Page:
Am Fam Physician. 2004 Jul 15;70(2):235-236.
FDA Warns Against Using Domperidone to Increase Breast Milk Production
The U.S. Food and Drug Administration (FDA) is warning breastfeeding women not to use domperidone because of safety concerns. The FDA has not approved the drug for any use, but has received reports that women have purchased the drug from compounding pharmacies and sources in other countries. Domperidone may increase the secretion of prolactin, which is needed for lactation. Published reports document case studies of cardiac arrhythmias, cardiac arrest, and sudden death in persons receiving an intravenous form of domperidone that has been withdrawn from the market in a number of countries. The drug is excreted in breast milk and could expose an infant to unknown risks. The oral form of domperidone still used in some countries to treat gastric disorders has labeling that warns breastfeeding women not to use the drug. The FDA has issued an alert to field personnel to be on the lookout for attempts to import the drug. Warning letters have been sent to pharmacies that compound products containing domperidone and firms that supply the drug. More information is available online at http://www.fda.gov/bbs/topics/answers/2004/ans01292.html.
AAFP Members Visit Lawmakers in Washington, D.C.
About 80 leaders and members of the American Academy of Family Physicians (AAFP) visited Washington, D.C. for the Family Medicine Congressional Conference on May 19–20. Participants at the conference, formerly called AAFP’s Spring Legislative Conference, included national and constituent chapter leaders and family physicians who often contact members of Congress about issues important to the specialty. The group focused on support of Title VII funding, Medicare graduate medical education funding, and health care for the uninsured. More information on the conference is available online at http://www.aafp.org/x27953.xml.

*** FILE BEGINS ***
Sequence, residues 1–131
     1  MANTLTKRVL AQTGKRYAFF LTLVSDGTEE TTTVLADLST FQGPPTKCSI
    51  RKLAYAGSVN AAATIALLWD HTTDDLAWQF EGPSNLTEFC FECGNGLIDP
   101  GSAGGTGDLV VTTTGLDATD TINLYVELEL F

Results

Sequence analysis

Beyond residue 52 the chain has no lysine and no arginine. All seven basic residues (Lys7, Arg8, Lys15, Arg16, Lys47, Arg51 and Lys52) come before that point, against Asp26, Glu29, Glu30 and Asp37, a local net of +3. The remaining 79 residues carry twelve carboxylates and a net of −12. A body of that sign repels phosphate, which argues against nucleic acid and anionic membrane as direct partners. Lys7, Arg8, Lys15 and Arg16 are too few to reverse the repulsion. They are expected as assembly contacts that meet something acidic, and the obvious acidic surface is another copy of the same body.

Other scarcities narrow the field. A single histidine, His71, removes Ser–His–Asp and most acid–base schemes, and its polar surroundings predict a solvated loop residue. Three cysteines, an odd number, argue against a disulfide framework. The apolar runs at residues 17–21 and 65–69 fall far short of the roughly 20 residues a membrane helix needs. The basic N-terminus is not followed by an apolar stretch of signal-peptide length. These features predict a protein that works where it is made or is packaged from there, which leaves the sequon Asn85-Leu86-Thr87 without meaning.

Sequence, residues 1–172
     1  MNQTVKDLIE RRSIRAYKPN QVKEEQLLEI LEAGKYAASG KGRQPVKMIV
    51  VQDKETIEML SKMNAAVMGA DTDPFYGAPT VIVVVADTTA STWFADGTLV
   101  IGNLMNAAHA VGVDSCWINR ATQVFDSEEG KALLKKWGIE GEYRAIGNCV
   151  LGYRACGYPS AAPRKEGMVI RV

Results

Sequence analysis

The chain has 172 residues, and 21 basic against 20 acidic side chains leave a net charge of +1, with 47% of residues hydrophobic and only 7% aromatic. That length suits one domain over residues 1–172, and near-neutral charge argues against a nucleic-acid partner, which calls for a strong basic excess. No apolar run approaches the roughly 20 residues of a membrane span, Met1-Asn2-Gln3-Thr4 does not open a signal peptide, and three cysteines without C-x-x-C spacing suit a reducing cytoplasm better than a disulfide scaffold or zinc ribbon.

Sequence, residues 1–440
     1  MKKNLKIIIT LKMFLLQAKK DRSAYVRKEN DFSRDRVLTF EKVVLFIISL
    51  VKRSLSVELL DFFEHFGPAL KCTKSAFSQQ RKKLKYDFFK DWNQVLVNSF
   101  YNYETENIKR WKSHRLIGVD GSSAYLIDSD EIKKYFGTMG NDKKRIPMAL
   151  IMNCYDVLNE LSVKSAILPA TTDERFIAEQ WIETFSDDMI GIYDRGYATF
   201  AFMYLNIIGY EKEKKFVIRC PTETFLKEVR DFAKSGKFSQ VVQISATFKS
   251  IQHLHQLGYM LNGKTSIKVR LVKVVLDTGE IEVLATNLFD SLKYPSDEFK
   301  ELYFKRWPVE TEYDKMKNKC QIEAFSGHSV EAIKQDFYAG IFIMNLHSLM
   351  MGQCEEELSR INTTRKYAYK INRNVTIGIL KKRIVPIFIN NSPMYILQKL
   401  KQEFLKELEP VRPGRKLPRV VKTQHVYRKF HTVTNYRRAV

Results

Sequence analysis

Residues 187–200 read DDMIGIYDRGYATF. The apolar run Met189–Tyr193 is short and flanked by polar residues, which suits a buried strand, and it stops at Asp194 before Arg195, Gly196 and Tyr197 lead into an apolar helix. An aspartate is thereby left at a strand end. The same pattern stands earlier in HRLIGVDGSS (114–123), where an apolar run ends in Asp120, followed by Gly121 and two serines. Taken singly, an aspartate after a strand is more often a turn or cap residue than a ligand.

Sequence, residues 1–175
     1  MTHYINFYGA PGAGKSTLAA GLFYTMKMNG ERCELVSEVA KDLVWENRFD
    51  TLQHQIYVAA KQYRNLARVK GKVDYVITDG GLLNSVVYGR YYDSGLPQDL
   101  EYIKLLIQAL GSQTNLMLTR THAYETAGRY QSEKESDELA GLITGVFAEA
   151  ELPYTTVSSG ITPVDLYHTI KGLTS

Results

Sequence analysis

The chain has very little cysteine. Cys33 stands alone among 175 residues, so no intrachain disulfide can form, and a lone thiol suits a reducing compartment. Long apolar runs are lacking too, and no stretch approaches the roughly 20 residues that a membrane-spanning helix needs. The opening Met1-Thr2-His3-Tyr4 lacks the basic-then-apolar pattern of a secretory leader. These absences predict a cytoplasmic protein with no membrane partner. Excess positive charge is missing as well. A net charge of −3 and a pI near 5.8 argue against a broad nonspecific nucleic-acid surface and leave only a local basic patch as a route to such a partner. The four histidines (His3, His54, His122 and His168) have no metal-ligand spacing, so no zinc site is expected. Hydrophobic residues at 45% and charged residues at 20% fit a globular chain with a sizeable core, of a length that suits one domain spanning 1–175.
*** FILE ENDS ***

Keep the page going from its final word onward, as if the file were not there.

CDC Reports Data on Suicide Behaviors, Risk Factors, and Prevention
An analysis conducted by the Centers for Disease Control and Prevention (CDC) found that suffocation (mostly hangings) has replaced firearms as the most common method of suicide in those 10 to 14 years of age. These and other findings were released in the June 7 issue of Morbidity and Mortality Weekly Report. Data on the relationship between suicide attempts and physical fighting in high school students, school-associated suicides, and suicide trends in Hispanic populations and in China are included. Students who reported attempting suicide in the past 12 months were nearly four times as likely to report involvement in physical fights. With regard to incidents of school violence, 20 percent were suicides, and one in four of these students injured or killed someone else before their suicide. More information is available online at http://www.cdc.gov/od/oc/media/pressrel/r040610.htm and http://www.cdc.gov/mmwr.
AAFP Sponsors National Conference for Residents and Medical Students